FilmJerk Favorites

A group of unique directors and the essential works that you've got to see.

||| Stanley Kubrick |||
Stanley Kubrick

A filmmaker of international importance, Kubrick was one of the only directors to work within the Studio System and still have full artistic control over his films from scripting through post-production, prompting Time Magazine to compare Kubrick’s early independence with the magnitude of Orson Welles.

An uncompromising antiwar film, this gut-wrenching drama depicts a World War I officer as he labors with an ultimately futile defense for three painfully sympathetic men tried for cowardice. Kubrick artistically utilizes a beautifully washed-out black and white photography to represent the muddied boundaries of right and wrong, and the many gray areas that lay between.

A fabulous and inspiring adventure, this visually stunning epic stars Kirk Douglas as the heroic slave who fights to lead his people to freedom from Roman rule. Although a clear departure from Kubrick’s oeuvre, “Spartacus” is an all time classic helmed by a man with a precise vision who is equally capable of crafting colossal spectacle, tense tête-à-têtes, and a tender moment between lovers.

This film is so stylish it’s easy to forget it’s a horror film at heart. Considered to be the thinking man’s thriller, Kubrick molds this very particularly “Stephan King” material into the portfolio of his films about human failure, as the hero’s desperate desire to become somebody ends in frustration and tragedy.

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Deep Sea 3D

By BrianOrndorf

March 2nd, 2006

A vivid, eye-opening journey into the big blue ocean, “Deep Sea 3D” might not feature the most intensive of revelations, the widest assortment of creatures, or the most cleanly introduced environmental message. What it does have is awe, and even in the highly competitive large-format world, this documentary is a stunner, and features the best use of the 3D format to date.


Like the deepest jungles and the tallest skies, the bottomless ocean is a favorite location for large-format cinema endeavors. "Deep Sea" is the newest installment in the Imax exploration of the Earth, and it's one of the best ones yet. Utilizing 3D cameras, the picture takes the viewer to familiar places, but manages to freshen up the journey with strikingly immersive visuals.

After the success of "The Living Sea" and the last two James Cameron large-format dives, one would think there isn't that much left to be said about ocean life, but mystery and constant change are what Mother Nature is all about. "Deep Sea" takes the audience to the bottom of the world, showcasing the bizarre, beautiful, and endlessly mesmerizing community of sea life that dare to call it home.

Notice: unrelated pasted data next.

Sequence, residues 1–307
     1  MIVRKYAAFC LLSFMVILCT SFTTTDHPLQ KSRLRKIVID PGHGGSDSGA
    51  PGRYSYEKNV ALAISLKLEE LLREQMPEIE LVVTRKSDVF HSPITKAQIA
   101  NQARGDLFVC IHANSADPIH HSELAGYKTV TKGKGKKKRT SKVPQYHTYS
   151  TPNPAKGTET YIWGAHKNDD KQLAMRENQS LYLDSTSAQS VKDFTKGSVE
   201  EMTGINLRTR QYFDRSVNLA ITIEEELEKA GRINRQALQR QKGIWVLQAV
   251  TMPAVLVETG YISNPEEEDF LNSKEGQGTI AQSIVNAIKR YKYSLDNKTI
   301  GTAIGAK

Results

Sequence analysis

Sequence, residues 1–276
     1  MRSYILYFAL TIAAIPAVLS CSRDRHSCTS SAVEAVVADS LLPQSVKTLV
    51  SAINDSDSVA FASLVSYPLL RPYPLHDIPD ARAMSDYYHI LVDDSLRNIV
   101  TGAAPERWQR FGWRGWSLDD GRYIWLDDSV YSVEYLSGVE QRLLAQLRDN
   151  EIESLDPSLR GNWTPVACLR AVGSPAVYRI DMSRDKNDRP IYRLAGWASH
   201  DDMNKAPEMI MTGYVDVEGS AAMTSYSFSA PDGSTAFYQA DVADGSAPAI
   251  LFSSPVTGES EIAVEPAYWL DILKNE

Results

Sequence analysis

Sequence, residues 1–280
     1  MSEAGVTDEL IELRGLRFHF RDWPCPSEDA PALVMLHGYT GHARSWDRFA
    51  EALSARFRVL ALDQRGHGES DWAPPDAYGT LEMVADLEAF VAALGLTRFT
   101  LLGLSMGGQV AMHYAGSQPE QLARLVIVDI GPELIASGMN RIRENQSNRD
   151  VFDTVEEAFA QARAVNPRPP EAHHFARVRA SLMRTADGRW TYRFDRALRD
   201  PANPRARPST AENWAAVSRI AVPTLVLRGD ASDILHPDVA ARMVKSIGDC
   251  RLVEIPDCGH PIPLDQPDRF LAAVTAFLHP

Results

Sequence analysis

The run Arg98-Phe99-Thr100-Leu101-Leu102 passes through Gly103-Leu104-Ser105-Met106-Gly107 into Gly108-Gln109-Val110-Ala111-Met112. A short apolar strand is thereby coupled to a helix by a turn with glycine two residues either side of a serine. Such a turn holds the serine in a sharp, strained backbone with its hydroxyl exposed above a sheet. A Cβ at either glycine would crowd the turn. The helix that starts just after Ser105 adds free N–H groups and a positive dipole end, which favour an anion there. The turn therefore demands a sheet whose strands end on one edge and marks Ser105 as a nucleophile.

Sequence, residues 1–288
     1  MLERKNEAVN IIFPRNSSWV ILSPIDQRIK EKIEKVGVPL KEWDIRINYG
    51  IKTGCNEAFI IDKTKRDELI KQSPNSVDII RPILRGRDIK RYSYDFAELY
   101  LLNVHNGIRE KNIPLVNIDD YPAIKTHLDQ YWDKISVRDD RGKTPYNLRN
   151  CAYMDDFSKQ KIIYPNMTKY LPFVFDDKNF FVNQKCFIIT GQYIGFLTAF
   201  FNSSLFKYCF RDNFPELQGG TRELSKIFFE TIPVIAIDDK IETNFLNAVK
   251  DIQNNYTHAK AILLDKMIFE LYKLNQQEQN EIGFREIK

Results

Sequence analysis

The twist here is the 3D camera, and the effect is jaw-dropping as the screen seemingly encircles viewers in the liquid underworld. The opening moment, when a horde of jellyfish leisurely pulse their way across the screen, sets a hypnotic tone that the picture never shatters. Trailing an octopus on the hunt for food, turtles at the local "shell wash," and a whale who takes great curiosity with the divers, "Deep Sea" doesn't break much ground in terms of revealing the secret lives of undersea creatures, but visually, the film is an absolute stunner. Director Howard Hall, a veteran of underwater cinema ("Into the Deep," "Island of the Sharks"), seems to be perfecting his technique as he goes, and he keeps "Deep Sea" refreshingly simple, letting the creatures guide the pace instead of obtrusive narrative.

The 3D effect is so convincing that some of the more furious sea life might be positively nightmarish for younger viewers. A sequence of Humboldt squid darting around the dark, frantically finding prey to munch on is all well and good, but when the squid soon turn their attention to the camera, the 3D becomes awfully convincing at this point, potentially sending some kids into a state of shock.

To help put some butts in the seats, Hall has enlisted Johnny Depp and Kate Winslet to tag-team the narration. Depp is his old, reliable, low-key self; but Winslet seems fired up by the challenge, and adds a delightful motherly attitude to her voice work, speaking plainly for the little children, and excitedly for the older ones. She's a delight.

Eventually, "Deep Sea" reveals itself to be a potent lesson about overfishing and other assorted ways man has engineered to destroy the seas. To go from watching the lighthearted ways fish clean themselves to the cold realities of a barren ocean is harsh, but necessary and quite effective. The message only deepens this elegant, spellbinding film, and "Deep Sea" easily ends up one of the best times I've ever had inside an Imax theater.

My rating: A-